The Biden administration is moving the doomsday clock forward, giving the Earth less than a decade before the ecological scales tip towards an irreversible apocalypse.
John Kerry: Nine Years Left
John Kerry, Biden’s recently appointed Special Envoy for Climate (a newly created position in the government), addressed the Munich Security Conference on Friday, doubling down on the much-repeated mantra claiming that “global warming” will cause irreversible damage to the world by 2030.
Kerry noted that a “group of scientists told us three years ago that we had 12 years.”
“Around 2030 is the date at which we have to get the world now on the right path in order to cap the level of warming at that level of 1.5 [degrees].”
“We all need to develop not just a number but a road map for how we will actually make the dramatic progress we need to make over the next 10 years and what we will specifically do to get to net-zero by no later than 2050,” Kerry stated.
In a decidedly counterintuitive manner, Kerry blamed the record-breaking cold that is blasting the center of the country on “global warming.”
“It is directly related to the warming, even though your instinct is to say, wait a minute, this is the new Ice Age. But it’s not,” he said. “It is coming from the global warming and it threatens all the normal weather patterns.”
Biden: Executive Order to Return to Paris Accords
His announcement coincides with President Biden signed an executive order on Friday in preparation to rejoining the Paris Accords in 30 days, a move Kerry claimed was insufficient to address the issue.
“We know that just doing Paris is not enough,” Kerry said during the launch event for a new climate action group called America is All In. “If every country delivered, we’d still see a warming planet Earth.”
The Paris Accords are an agreement within the United Nations Framework Convention on Climate Change (UNFCCC) signed by196 state parties in 2016. President Trump withdrew from the accords in 2020. The signees agreed to maintain the global average temperature to well below 2 °C (3.6 °F) above pre-industrial levels and to pursue efforts to limit the increase to 1.5 °C (2.7 °F).
When he signed the agreement, former President Obama set the goal of reducing U.S. emissions by between 26 and 28 percent compared to 2005 levels by 2025.
The agreement has been criticized and a pair of studies in Nature reported that, as of 2017, none of the major industrialized nations were implementing the policies they had envisioned and they have not met their pledged emission reduction targets. James Hansen, a former NASA
scientist and a climate change expert, voiced anger that most of the agreement consists of “promises” or aims and not firm commitments. He called the Paris talks a fraud with “no action, just promises.”
Also, studies have shown that global warming is a periodic and natural climate phenomenon. Study author Katherine Richardson stresses, “We note that the Earth has never in its history had a quasi-stable state that is around 2 °C warmer than the pre-industrial and suggests that there is a substantial risk that the system, itself, will ‘want’ to continue warming because of all of these other processes – even if we stop emissions. This implies not only reducing emissions but much more.”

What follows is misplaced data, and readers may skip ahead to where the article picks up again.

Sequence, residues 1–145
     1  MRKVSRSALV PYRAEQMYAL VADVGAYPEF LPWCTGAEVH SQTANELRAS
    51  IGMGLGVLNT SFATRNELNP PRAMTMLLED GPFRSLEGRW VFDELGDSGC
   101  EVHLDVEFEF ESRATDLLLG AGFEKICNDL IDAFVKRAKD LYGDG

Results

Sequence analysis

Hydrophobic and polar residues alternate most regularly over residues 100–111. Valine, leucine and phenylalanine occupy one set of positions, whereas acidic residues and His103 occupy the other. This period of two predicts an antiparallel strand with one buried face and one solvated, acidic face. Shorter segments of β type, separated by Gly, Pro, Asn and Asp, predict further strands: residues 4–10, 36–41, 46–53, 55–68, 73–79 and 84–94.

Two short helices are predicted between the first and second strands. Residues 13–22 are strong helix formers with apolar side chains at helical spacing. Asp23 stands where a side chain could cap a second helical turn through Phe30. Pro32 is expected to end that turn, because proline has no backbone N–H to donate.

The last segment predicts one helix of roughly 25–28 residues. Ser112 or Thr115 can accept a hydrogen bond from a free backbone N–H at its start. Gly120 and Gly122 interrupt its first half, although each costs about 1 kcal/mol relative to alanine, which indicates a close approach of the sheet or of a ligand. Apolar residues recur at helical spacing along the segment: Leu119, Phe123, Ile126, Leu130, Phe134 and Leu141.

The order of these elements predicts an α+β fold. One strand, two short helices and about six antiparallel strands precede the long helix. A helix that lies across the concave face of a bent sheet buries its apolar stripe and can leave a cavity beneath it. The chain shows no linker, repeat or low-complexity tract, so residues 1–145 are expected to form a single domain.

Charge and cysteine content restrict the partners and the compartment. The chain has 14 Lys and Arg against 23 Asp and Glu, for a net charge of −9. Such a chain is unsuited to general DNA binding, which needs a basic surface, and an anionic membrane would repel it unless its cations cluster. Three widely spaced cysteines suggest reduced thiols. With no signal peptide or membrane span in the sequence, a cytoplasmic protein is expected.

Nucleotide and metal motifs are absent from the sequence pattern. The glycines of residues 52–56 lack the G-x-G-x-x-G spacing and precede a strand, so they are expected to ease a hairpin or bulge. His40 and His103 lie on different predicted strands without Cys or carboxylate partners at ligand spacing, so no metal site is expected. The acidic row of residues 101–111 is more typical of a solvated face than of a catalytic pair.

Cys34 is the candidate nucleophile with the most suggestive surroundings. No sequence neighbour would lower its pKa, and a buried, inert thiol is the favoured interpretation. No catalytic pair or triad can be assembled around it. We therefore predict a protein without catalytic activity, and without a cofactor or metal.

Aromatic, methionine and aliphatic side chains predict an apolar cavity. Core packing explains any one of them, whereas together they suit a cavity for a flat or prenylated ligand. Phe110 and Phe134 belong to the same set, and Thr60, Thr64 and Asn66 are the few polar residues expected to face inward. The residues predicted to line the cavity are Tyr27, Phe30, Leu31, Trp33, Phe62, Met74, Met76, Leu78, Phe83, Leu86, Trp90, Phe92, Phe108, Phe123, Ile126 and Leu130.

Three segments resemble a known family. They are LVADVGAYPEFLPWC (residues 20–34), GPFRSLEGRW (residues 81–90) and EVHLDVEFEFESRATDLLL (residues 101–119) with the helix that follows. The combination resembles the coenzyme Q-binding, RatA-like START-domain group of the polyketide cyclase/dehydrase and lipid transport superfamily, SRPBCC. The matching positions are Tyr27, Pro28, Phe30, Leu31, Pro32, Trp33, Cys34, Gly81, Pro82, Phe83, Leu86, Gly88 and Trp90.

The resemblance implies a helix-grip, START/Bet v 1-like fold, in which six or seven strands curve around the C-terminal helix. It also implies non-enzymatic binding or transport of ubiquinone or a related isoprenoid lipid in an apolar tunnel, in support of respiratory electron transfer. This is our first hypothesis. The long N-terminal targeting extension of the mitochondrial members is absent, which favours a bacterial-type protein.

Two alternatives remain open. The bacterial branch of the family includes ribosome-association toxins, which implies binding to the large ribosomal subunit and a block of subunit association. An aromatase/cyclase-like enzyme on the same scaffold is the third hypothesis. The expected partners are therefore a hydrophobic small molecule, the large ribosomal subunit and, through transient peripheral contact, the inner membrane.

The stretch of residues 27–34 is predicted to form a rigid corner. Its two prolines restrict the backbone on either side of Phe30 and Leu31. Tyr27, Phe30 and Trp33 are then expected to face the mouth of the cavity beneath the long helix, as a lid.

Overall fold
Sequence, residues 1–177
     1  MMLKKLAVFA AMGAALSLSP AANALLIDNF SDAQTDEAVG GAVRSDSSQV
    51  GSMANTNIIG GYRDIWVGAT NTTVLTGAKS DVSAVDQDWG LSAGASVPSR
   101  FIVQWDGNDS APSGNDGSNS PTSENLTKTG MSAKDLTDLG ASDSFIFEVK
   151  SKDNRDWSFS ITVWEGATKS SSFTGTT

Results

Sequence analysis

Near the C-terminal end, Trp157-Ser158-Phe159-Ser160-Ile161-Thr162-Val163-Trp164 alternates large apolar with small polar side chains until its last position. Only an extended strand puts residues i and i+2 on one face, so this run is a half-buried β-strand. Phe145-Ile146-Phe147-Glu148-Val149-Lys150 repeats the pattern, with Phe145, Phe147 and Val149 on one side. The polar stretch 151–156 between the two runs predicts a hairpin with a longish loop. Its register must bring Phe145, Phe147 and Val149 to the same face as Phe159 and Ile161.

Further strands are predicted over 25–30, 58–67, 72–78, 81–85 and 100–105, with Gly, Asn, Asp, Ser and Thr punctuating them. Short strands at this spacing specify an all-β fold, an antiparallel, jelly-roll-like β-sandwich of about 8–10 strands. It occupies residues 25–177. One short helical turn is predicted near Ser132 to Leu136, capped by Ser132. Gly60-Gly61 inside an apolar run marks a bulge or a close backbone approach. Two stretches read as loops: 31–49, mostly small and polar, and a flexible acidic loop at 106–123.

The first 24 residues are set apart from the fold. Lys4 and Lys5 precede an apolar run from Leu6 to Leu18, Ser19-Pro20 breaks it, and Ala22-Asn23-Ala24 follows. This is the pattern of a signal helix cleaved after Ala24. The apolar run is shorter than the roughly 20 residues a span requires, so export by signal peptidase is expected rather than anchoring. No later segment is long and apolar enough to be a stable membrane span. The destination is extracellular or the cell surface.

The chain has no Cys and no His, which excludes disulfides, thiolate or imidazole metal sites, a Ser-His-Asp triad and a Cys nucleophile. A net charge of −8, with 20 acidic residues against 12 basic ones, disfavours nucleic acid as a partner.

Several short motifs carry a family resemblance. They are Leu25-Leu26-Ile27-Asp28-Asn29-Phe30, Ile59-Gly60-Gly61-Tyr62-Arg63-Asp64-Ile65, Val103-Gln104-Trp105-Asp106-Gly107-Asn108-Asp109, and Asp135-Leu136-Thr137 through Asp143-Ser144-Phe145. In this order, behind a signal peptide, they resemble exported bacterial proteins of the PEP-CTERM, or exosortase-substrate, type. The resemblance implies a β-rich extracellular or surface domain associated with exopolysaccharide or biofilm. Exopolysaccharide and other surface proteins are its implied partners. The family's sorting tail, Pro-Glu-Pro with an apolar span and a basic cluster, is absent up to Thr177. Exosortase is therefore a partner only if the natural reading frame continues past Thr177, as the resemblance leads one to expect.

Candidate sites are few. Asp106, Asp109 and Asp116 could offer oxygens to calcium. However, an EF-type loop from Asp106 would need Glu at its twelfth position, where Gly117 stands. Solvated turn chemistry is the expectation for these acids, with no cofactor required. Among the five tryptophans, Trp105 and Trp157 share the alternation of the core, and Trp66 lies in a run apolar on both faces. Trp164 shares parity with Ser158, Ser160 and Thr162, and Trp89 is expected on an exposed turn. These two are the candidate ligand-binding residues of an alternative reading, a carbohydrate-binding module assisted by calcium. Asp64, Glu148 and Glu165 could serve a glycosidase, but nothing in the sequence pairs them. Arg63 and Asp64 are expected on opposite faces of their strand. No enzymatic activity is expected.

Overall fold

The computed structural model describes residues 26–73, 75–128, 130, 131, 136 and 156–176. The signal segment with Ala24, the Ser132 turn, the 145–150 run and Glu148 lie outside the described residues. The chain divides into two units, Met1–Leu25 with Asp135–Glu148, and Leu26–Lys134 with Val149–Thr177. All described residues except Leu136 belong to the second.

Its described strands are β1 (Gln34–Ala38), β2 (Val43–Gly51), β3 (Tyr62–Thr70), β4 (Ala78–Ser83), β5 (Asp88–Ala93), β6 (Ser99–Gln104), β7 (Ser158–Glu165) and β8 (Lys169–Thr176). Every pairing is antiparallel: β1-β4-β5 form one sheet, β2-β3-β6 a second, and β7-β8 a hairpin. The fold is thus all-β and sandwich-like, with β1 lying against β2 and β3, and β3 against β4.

Rabbi: Caring for the Garden or Ruling Over the World
Rabbi Shaul Judelman, former director of the Ecology Beit Midrash, a religious study group focused on the environment as it is treated in classical Jewish sources, noted that ecology is a universal Biblical mandate, as stated in Genesis.
Hashem blessed them and Hashem said to them, “Be fertile and increase, fill the earth and master it; and rule the fish of the sea, the birds of the sky, and all the living things that creep on earth. Genesis 1:28
“There is the possibility, though not the necessity, of hubris in the approach that advocates for global warming,” Rabbi Judelman said. “The subtle differences between saying we are masters of the world versus we are responsible for the world, which is a Torah perspective.”
He cited Rabbi Nachman of Breslov who stated, “If you believe you can break something, you must believe that you can fix it.”
“That should be the maxim for dealing with the environment,” Rabbi Judelman said. “We are now at the point where Man has a large impact. Our ability to fix has also increased.”
“Similarly, Moshiach is a belief that the world will end and our relationship with God will play a part in it. Trying to fix the environment is not anti-God unless you make it that way. Otherwise, it can be just an extension of or a different manifestation of our relationship with God.”
“Rather than react, it is important to find the truth, which in many things, is found in the middle,” Rabbi Judelman said. “Rather than react to a political agenda, it is better to try to understand what God would want us to do when faced with pollution on the level that is affecting the entire planet.”
Kerry: History of Bad Decisions
As Secretary of State for Obama, Kerry justified his policy concerning negotiations between Israel and the Palestinian Authority.
“There will be no separate peace between Israel and the Arab world,” Kerry began at a speaking engagement. “I want to make that very clear with all of you. I’ve heard several prominent politicians in Israel sometimes saying, ‘Well, the Arab world is in a different place now. We just have to reach out to them. We can work some things with the Arab world and we’ll deal with the Palestinians.’ No. No, no, and no.”
This was proven to be absolutely false after President Trump negotiated the Abraham Accords normalized relations between Israel and several Arab nations.
Kerry also negotiated the Joint Comprehensive Plan of Action (JCPOA) commonly known as the Iran nuclear deal.